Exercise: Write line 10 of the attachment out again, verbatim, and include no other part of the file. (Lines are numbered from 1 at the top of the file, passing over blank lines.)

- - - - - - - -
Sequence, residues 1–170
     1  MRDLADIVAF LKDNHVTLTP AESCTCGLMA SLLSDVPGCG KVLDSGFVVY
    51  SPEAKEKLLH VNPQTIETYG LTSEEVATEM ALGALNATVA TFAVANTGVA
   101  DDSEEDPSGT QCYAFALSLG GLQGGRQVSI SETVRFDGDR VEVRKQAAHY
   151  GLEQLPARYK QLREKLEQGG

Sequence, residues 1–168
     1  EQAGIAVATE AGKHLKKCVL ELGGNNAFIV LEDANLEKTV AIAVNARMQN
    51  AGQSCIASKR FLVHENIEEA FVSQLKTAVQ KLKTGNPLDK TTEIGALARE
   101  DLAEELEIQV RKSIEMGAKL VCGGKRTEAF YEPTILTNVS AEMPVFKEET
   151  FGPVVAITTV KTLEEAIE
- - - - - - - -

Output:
   151  FGPVVAITTV KTLEEAIE